The RxISK website has been undergoing major renovation. There is still a great deal of work going on behind the scenes to look at new ideas and better ways to make available the best tools and information about prescription drug side effects.
The old site had a Symptoms on Stopping Zone – a Withdrawal Zone. Withdrawal is an important feature of RxISK, so we are hoping to bring back a new version of this.
Dependence on and withdrawal from treatments happens with many more drugs than just the classic drugs of abuse like the opiates or benzodiazepines. It can happen with pretty well all psychotropic drugs and with many drugs whose actions on the brain are downplayed. But it can also happen with drugs that have little or no effect on the brain and one of our hopes is to bring into the light withdrawal syndromes that have been hiding in the shadows for too long.
The new zone will include a free-standing tool – RxISK’s Withdrawal Algorithm. This is a set of structured questions that provide you with a score to help you work out if your problems are likely to be linked to withdrawal from your medication or not. Only RxISK has an algorithm like this. This same algorithm features in the RxISK Report, but we want it to be available to use outside of the report as well.
We want to bring together everything relating to withdrawal, all in one place – medication guides, guides on dependence, tapering information, etc.
A few months ago, we introduced a new tool called Search by Side Effect. Some of you might have wondered what it’s for and how best to use it. The usual way of searching for side effect information on RxISK is to look up all of the adverse effects reported on individual drugs. This is done using Drugs A-Z.
But Search by Side Effect works the opposite way. It lets you input the name of a side effect, and brings up a list of drugs that have had this side effect reported to the FDA and Health Canada.
This means you can look up all the drugs that are associated with a problem like parosmia (strange smells) or dysgeusia (strange tastes) or hallucinations, jitteriness or other problems, some of which are classically linked to withdrawal and some not.
It enables you to go in and research the range of other drugs that may be producing the problem you are having. You might find for instance that antidepressants other than the one you are on cause the parosmia that you are experiencing. This makes it much more likely your drug is causing this problem whatever anyone else says – or has caused this problem even after the drug has left your body.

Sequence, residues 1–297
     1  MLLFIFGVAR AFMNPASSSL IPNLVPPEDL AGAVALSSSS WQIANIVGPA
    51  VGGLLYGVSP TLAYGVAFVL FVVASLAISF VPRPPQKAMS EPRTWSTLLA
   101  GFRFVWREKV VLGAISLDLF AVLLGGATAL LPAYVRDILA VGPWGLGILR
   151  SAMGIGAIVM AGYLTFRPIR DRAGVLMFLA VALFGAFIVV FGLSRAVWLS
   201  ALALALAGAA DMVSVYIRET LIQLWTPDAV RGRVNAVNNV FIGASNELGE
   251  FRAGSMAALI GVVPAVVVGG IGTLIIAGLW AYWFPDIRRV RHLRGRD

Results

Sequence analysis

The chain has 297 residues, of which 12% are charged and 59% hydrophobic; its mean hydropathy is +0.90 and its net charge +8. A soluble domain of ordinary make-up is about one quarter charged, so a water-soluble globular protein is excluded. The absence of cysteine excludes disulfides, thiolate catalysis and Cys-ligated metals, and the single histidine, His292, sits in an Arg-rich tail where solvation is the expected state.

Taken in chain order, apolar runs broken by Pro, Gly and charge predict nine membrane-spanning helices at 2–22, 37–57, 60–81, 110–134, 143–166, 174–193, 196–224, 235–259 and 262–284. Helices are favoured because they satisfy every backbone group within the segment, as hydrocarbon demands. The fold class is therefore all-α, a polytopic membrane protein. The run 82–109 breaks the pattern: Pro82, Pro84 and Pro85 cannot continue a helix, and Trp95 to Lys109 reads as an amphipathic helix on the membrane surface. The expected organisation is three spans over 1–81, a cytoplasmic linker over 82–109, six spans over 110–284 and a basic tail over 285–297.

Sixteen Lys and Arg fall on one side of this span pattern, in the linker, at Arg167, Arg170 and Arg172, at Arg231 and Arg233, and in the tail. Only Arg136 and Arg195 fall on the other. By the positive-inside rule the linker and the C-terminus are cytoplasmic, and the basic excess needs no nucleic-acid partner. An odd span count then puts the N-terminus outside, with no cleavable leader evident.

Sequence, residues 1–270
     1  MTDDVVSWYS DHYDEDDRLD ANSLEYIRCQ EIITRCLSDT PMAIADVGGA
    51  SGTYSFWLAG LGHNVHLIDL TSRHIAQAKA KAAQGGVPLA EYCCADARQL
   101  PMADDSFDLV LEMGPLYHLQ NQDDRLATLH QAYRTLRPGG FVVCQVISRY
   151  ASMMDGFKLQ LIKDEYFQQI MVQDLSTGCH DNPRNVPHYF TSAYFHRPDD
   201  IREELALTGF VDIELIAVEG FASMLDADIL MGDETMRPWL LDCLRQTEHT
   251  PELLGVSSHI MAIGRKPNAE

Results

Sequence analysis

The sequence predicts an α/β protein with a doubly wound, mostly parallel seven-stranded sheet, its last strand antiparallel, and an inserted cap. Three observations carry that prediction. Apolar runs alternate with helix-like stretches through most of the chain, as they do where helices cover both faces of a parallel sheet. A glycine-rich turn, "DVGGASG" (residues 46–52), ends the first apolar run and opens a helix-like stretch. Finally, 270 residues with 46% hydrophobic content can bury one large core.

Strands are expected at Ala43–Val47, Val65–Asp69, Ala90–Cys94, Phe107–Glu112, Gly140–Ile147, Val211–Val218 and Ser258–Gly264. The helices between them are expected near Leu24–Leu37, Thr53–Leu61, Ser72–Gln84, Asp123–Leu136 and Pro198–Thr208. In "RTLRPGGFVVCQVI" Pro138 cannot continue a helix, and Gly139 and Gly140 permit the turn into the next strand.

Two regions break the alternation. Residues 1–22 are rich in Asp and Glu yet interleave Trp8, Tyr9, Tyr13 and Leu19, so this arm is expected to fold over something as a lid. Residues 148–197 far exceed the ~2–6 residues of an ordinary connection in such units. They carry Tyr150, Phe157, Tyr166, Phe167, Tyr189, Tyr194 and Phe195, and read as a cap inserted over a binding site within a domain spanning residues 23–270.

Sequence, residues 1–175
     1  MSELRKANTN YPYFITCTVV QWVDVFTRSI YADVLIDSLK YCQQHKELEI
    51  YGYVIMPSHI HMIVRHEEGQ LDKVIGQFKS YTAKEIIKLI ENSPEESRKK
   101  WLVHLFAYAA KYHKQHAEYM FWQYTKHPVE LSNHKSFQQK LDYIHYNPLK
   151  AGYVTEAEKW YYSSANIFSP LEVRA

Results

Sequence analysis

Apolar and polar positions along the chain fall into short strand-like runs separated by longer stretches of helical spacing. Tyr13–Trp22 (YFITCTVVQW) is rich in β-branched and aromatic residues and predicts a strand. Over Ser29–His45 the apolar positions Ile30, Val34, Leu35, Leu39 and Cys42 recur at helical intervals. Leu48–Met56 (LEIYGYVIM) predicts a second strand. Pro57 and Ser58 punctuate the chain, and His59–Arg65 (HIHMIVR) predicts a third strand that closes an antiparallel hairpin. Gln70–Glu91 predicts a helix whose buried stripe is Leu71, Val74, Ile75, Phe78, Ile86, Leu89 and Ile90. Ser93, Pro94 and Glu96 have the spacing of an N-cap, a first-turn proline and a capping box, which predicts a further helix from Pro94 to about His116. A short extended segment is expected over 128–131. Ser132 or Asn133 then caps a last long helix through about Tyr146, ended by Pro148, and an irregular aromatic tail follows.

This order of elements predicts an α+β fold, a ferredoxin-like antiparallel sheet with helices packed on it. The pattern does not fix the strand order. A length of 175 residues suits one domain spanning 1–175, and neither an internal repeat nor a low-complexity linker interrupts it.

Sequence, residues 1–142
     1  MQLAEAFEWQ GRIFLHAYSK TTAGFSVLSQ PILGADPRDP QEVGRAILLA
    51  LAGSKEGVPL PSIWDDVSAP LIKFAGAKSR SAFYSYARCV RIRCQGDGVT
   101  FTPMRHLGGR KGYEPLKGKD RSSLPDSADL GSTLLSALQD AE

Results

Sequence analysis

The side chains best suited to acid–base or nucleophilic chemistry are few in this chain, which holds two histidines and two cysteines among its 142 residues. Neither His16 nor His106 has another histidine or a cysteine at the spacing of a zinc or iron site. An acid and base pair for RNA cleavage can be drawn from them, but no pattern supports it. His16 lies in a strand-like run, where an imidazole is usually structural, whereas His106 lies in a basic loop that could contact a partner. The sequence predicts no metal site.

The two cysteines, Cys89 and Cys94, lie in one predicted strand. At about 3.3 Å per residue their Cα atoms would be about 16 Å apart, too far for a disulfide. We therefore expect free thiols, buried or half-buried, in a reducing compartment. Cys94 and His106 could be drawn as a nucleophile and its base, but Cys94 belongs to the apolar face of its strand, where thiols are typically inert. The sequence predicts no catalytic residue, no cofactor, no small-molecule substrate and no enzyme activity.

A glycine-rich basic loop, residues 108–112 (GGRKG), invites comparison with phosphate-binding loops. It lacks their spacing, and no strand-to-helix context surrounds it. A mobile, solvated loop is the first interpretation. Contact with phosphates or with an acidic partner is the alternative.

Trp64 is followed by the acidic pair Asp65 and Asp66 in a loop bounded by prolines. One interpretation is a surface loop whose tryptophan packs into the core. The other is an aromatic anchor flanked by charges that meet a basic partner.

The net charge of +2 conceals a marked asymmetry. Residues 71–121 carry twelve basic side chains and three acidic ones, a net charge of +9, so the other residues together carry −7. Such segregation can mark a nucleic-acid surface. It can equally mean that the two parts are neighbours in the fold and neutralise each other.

The question of withdrawal has not featured to the extent it should in medical practice to date because the debate has been dominated by classic symptoms on classic drugs. It is almost certainly the case that there are many other problems happening on many other drugs not usually thought of as causing dependence. The people to whom these problems are happening are likely to be labelled as neurotic, or showing illness behaviour or having supra-tentorial features, if they mention or make too much of any symptoms they are having – because everyone knows “this” (osteoporosis drug, gut drug, heart drug, antidepressant) is not a drug of abuse.
The time has come to rewrite the clinical picture of dependence and withdrawal and recast the debate about what can go wrong when we stop treatments and why this happens.
Some of us at RxISK have been working on the inside of these issues for years. One hunch we have that might explain what is happening in complex withdrawal is that many drugs, when used in the longer run, can give rise to a peripheral neuropathy. This would be expected to lead to symptoms such as strange smells, tastes or sensations, along with food intolerance and stress sensitivity. Effects like these can sometimes start on treatment but usually show most clearly as legacy effects – effects than endure after treatment stops.
The Complex Withdrawal website is not where it was. It hasn’t disappeared – it has moved to the main RxISK website and has become a Complex Withdrawal section.
It can be found in the Tools menu. Again, we want people to find the information and tools that they need without having to look in separate locations or on separate websites.
We’ve also created a page for Post-SSRI Sexual Dysfunction (PSSD), which you can also find in the Tools menu.
The phenomena of PSSD and complex withdrawal bring out clinical features that are commonly neglected. No one knows what causes PSSD or complex withdrawal. We offer some ideas. The ideas are speculative, but PSSD and complex withdrawal syndromes are fact.
As always, we value your feedback and ideas. If there is anything you would like to see, or anything that you think could be improved, please let us know.